31 INSIGHT The 'Platinum Evara' set capitalises on the Indian tradition of families bestowing blessings on the newlywed couple special moment with the exchange of their very own Platinum Love Bands. Platinum is now more strongly associated with love than any other precious metal, or even diamonds, in the fast-growing Indian jewellery market. For platinum to play a significant role in the Indian jewellery industry it needed a place in the wedding market, traditionally dominated by gold. PGI s Platinum Evara introduces a new tradition of blessings between the mother of the bride and the bride and bridegroom. The jewellery is affordably price-pointed and contemporary in design, making it both desirable and wearable long after the wedding celebrations have finished. Given the growing importance of the millennial generation and the better margins platinum delivers to the industry in India, Daniel is confident of a positive future for platinum in the country. US The US market is in its fifth year of consecutive growth, thanks to the lower platinum price making the desirable metal more available across retailers. In the world s largest diamond market, diamonds and platinum make a natural fit. Citing a PGI research, Daniel said, Only 38 percent of consumers know that platinum is a more secure setting for diamonds, and less than 30 percent know that they could have a platinum head on their ring, regardless of what metal the ring is made of. Once they were made aware of this, a whopping 73 percent said they are willing to pay more for their peace of mind. In light of this business opportunity, PGI s Diamond Crown marketing initiative encourages retailers to upsell customers to a platinum crown for their diamond ring. By doing so, the retailer could make an average of US$350 more per sale. If we could convert the head of every diamond ring to platinum, that would deliver an incremental 150,000 ounces of platinum, equal to almost half of the size of the US platinum market, so it s a significant business opportunity, Daniel noted. The dilemma of retailers these days is having fewer consumers in their stores. This programme allows retailers to maximise the business value of every purchase, making it a significant profit driver, he added. JNA 31 JAN 2018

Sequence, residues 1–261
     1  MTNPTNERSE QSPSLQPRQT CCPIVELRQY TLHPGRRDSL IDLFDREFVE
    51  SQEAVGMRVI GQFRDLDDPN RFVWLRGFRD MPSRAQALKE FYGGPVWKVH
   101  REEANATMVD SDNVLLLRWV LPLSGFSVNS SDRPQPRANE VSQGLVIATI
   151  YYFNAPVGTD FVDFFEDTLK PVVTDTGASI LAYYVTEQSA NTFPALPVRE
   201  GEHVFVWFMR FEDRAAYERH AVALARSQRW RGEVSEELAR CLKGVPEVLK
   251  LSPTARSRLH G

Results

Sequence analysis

32 INSIGHT GEM PROJECTIONS Changes in consumer profiles and expectations are having a profound impact on the coloured gemstone sector. Catering to these new requirements entails industry collaboration and compliance on issues of transparency and sustainability, according to Clement Sabbagh, president of the International Colored Gemstone Association. By Olivia Quiniquini The rise of the millennial consumer along with growing market clamour for supply chain transparency, sustainability and social responsibility are among the issues reshaping the coloured gemstone landscape, according to Clement Sabbagh, the new president of the International Colored Gemstone Association (ICA). The director of Brazilian coloured gemstone specialist Ben Sabbagh Bros officially started his two-year term at the helm of ICA at the association s Annual Congress in Jaipur, India last November. In an interview with JNA, he disclosed the pressing issues facing the coloured gemstone sector and presented his outlook on the industry. Millennial patterns Aside from promoting demand for coloured gemstones, one of Sabbagh s top priorities at ICA is helping the industry adjust to new market behaviours. Consumers traditionally purchased products directly from jewellers and specialty houses. The age of the Internet has however ushered in a new type of consumer, one armed with more information about the market and with broader access to offers, Sabbagh noted. Clement Sabbagh, president of the International Colored Gemstone Association JNA 32 JAN 2018